Awards won: Best Foreign Language Film, Best Actor (Roberto Benigni), Best Original Score
Call it the Forrest Gump effect: Life Is Beautiful was critically acclaimed and universally beloved at the time of its release, but watching it again now, one can’t help but marvel at how emotionally manipulative it actually is. If anything, this movie is actually worse than Forrest Gump in that respect, because at least that movie didn’t mine humor out of Forrest in a concentration camp.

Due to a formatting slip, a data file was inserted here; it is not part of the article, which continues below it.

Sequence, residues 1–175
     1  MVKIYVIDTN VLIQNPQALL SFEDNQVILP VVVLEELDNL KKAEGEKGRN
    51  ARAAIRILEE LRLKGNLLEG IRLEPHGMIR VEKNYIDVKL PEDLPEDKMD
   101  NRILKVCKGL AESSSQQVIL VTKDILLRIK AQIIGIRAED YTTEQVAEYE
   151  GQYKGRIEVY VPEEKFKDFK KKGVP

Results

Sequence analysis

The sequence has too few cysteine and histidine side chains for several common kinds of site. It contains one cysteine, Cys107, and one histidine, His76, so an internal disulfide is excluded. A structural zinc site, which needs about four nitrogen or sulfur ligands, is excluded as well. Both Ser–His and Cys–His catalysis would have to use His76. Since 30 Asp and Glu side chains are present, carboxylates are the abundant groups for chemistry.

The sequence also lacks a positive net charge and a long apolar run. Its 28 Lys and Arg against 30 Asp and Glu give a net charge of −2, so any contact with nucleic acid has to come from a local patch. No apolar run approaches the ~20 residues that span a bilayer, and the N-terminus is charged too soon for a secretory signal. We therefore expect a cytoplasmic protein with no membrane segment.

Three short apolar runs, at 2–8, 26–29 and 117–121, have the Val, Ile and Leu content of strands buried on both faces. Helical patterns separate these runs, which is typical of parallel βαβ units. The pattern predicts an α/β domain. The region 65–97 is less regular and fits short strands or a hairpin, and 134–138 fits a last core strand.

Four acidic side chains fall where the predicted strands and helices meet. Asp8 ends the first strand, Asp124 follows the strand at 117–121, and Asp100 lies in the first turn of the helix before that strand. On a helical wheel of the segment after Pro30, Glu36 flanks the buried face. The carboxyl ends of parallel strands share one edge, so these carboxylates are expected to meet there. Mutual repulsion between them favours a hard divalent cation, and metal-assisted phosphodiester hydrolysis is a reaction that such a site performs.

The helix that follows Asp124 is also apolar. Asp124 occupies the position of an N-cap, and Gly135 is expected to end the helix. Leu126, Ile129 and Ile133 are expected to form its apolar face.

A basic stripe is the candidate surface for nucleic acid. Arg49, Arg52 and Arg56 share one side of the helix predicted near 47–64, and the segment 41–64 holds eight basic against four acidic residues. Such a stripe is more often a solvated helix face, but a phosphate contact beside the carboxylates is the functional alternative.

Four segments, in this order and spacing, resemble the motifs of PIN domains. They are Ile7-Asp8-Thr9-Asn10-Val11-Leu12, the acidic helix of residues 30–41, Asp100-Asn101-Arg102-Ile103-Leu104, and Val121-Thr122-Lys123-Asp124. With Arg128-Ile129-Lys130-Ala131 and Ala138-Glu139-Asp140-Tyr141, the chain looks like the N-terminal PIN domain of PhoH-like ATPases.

The actual plot of this movie revolves around a man named Guido (played by Roberto Benigni, in an Oscar-winning performance) courting a married woman in 1930s Italy, marrying her and having a son, and then years later the entire family being sent to a concentration camp, where Guido lies to his son and tells him they’re actually all playing a game where the prize is a tank(!?). The movie ends up being an uncomfortable mix of slapstick comedy and drama as Benigni does his worst Chaplin impression while the actual Holocaust happens. Life Is Beautiful is the worst kind of emotional porn: it goes for the easiest laughs and the easiest emotion by attempting (and ultimately failing) to depict a historical atrocity.